The roundtable moves projects ahead only if there is consensus, so the application was denied. A revised application still could be considered.

    The study would build on a U.S. Geological Survey study that determined either a large dam on Fountain Creek or a series of detention ponds south of Colorado Springs would be the best protection for Pueblo of a 100-year flood on Fountain Creek. The USGS study, however, did not identify where a dam would be built or determine other factors such as engineering obstacles or water rights. The Fountain Creek district is trying to answer those questions prior to the arrival of $50 million in funding from Colorado Springs. That money, dedicated to flood control projects that benefit Pueblo, is a condition of the Pueblo County 1041 permit for the Southern Delivery System.

    The $220,000 study promoted at the roundtable included financial backing from Colorado Springs Utilities, the Pueblo Board of Water Works, Fountain, the Southeastern Colorado Water Conservancy District, Pueblo West and Security. It also had letters of support from city councils and county commissioners in El Paso and Pueblo counties.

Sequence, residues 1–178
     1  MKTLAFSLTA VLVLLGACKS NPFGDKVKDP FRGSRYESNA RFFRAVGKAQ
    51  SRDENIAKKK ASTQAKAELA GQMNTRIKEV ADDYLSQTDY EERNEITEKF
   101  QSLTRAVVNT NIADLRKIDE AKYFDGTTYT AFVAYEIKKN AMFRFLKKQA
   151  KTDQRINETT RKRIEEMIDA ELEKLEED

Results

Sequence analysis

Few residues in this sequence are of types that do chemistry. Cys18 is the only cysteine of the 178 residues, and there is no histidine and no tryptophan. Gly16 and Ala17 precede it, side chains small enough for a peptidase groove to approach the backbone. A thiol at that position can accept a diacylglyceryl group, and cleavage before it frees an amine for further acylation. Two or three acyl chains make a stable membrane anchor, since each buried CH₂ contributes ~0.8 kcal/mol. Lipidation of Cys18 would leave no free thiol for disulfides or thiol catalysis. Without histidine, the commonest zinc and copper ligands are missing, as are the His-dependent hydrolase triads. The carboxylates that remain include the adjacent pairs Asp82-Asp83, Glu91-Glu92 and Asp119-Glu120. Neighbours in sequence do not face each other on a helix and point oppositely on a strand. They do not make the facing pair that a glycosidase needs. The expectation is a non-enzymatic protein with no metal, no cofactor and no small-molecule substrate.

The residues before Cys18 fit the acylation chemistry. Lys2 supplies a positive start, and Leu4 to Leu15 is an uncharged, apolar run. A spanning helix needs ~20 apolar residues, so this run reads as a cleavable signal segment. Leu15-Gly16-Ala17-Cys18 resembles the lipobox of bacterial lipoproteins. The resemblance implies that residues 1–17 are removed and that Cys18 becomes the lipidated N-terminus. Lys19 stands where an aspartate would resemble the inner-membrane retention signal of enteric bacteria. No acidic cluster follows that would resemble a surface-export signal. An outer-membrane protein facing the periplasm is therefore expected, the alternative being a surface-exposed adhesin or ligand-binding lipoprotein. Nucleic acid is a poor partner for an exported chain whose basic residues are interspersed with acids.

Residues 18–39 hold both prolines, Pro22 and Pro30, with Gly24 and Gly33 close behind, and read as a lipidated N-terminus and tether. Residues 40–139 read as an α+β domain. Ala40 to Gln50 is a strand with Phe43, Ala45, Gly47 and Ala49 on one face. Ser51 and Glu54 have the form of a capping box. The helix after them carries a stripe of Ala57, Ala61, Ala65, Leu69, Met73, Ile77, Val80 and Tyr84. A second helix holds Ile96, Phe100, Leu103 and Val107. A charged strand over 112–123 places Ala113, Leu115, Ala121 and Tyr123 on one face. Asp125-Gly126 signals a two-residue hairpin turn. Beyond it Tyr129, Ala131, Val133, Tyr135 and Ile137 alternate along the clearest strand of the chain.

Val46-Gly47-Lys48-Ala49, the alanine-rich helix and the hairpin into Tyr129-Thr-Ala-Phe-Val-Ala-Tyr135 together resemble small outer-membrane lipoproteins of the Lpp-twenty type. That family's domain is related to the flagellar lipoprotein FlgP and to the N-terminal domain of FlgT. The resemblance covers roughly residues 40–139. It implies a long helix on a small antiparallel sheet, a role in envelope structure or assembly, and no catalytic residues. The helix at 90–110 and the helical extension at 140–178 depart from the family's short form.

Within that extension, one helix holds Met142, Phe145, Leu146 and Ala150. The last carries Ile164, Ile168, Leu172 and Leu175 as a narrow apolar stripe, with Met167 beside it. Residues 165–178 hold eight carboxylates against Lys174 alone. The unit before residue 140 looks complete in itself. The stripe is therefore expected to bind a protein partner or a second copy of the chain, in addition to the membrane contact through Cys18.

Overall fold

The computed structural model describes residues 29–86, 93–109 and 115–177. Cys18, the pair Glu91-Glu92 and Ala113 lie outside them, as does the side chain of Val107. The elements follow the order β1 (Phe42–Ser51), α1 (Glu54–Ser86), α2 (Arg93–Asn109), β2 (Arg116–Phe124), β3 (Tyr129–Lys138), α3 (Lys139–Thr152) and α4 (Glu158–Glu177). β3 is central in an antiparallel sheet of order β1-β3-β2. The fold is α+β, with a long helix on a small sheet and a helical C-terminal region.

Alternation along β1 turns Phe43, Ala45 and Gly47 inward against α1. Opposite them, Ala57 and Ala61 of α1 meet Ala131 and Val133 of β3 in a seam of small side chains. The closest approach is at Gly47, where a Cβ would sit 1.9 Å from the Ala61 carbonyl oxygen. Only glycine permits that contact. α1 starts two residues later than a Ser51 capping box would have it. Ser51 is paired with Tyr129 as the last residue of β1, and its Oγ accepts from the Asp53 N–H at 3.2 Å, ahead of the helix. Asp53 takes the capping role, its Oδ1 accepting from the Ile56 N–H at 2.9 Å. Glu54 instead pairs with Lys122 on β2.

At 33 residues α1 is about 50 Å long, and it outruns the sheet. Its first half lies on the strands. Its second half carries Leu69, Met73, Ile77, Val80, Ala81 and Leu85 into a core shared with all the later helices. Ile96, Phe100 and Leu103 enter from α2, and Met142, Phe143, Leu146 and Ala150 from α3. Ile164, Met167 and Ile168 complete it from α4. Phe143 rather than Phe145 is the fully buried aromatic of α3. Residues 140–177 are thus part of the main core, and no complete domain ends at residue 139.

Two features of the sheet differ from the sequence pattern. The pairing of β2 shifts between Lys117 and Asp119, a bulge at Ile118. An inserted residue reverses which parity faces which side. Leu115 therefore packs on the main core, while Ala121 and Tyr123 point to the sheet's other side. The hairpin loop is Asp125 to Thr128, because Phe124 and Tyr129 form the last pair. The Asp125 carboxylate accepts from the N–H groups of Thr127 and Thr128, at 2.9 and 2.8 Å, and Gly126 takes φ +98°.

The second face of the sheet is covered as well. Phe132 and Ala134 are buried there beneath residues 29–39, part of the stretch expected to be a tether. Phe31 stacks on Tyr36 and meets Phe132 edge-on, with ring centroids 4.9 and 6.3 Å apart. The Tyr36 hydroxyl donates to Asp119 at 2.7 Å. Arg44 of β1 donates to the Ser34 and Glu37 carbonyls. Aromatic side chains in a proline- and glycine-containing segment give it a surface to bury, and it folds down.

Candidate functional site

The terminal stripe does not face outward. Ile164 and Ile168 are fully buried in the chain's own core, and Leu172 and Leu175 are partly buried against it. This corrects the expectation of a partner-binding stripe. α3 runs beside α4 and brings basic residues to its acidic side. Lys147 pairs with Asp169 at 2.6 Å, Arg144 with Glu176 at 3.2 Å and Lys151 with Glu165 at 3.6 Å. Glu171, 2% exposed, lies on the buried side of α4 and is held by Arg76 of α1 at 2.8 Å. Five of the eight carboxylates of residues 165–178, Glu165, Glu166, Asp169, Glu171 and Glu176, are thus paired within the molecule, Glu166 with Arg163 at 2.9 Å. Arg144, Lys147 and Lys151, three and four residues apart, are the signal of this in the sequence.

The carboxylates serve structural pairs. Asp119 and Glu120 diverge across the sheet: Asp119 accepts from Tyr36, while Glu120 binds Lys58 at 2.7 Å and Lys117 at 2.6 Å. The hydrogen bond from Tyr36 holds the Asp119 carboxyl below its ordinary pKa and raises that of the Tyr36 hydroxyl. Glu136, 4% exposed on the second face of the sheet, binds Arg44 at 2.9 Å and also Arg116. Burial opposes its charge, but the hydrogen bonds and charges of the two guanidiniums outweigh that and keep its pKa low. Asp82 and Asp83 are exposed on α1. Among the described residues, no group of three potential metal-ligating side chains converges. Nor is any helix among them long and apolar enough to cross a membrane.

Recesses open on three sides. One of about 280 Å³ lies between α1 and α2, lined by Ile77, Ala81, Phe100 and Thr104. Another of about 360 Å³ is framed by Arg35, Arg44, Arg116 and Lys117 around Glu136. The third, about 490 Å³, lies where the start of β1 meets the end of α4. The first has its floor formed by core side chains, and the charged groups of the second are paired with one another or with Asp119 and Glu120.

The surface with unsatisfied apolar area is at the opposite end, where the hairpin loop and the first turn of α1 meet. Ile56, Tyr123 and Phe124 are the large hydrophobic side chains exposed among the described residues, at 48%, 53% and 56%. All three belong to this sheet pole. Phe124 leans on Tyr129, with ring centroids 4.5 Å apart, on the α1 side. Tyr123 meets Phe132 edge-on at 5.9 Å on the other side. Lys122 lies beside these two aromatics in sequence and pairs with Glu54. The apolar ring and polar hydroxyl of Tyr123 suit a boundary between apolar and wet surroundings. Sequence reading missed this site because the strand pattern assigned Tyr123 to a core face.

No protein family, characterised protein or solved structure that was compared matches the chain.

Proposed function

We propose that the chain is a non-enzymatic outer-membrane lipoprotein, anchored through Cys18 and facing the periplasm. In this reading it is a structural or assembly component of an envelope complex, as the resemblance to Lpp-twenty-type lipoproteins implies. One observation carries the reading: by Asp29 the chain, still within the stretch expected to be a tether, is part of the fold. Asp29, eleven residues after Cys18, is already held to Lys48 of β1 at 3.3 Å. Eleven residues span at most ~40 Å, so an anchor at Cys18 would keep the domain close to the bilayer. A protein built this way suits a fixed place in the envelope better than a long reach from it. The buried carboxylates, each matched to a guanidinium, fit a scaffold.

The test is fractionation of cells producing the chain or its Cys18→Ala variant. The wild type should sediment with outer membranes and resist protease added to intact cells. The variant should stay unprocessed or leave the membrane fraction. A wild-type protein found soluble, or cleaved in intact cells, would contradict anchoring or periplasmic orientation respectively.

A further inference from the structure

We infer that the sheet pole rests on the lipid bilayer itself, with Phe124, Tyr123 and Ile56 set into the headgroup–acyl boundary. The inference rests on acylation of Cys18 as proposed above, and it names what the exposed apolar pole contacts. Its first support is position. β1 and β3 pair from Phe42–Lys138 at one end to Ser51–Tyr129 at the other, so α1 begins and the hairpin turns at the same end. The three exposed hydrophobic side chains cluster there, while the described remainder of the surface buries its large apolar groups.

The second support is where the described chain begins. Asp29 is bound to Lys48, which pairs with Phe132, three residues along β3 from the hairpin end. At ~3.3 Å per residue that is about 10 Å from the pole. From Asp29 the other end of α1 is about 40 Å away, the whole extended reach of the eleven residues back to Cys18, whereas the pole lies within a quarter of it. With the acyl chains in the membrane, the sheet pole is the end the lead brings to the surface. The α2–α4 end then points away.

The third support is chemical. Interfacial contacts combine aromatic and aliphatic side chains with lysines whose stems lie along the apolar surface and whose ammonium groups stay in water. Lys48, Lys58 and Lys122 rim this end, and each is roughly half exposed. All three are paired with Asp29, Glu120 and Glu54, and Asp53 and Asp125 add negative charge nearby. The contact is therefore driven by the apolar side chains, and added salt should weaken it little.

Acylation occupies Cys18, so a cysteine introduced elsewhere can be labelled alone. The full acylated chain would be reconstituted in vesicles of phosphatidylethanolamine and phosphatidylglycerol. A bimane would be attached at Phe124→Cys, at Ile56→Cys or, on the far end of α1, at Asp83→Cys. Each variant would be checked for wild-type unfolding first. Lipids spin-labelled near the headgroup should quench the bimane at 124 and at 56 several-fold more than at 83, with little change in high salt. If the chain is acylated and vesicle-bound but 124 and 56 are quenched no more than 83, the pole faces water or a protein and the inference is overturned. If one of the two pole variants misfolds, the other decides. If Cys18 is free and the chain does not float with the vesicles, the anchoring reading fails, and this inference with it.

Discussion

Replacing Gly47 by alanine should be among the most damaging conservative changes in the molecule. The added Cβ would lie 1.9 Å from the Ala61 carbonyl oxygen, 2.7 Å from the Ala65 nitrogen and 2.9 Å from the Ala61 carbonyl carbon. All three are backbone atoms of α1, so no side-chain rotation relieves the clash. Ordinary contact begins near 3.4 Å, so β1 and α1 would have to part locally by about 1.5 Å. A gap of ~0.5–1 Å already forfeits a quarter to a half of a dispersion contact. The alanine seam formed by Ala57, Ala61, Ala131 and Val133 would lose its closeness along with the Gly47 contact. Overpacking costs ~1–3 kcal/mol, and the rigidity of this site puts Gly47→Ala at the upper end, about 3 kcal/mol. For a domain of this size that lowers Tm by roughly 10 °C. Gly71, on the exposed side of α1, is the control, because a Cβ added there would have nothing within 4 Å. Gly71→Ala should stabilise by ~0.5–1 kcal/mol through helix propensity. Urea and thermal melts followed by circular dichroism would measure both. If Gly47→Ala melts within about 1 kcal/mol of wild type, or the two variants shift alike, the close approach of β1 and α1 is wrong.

More Fountain Creek coverage here and here.


    Basin Roundtables will present their Basin Implementation Plans to the CWCB next week #COWaterPlan

    July 9, 2014
    Basin roundtable boundaries

    Basin roundtable boundaries

    From the Valley Courier (Ruth Heide):

    Per governor order, local water leaders and their professional consulting team are preparing to present a basin-wide water plan next week to the state agency that will compile plans from all of the basins into a statewide plan to address Colorado’s future water needs.

    At the same time the Rio Grande Roundtable, which is taking the lead on the basin-wide plan, is reviewing potential requests for funding and potential water threats and challenges.

    During its monthly meeting on Tuesday, the roundtable members, who represent various water interests throughout the San Luis Valley, reviewed the status of the local plan that will fit into the governor’s statewide plan; heard about a project that will come before the group for funding next month to study soil health practices in relationship to potential water savings; received a report on post-West Fork Complex Fire actions and heard a presentation on instream flows.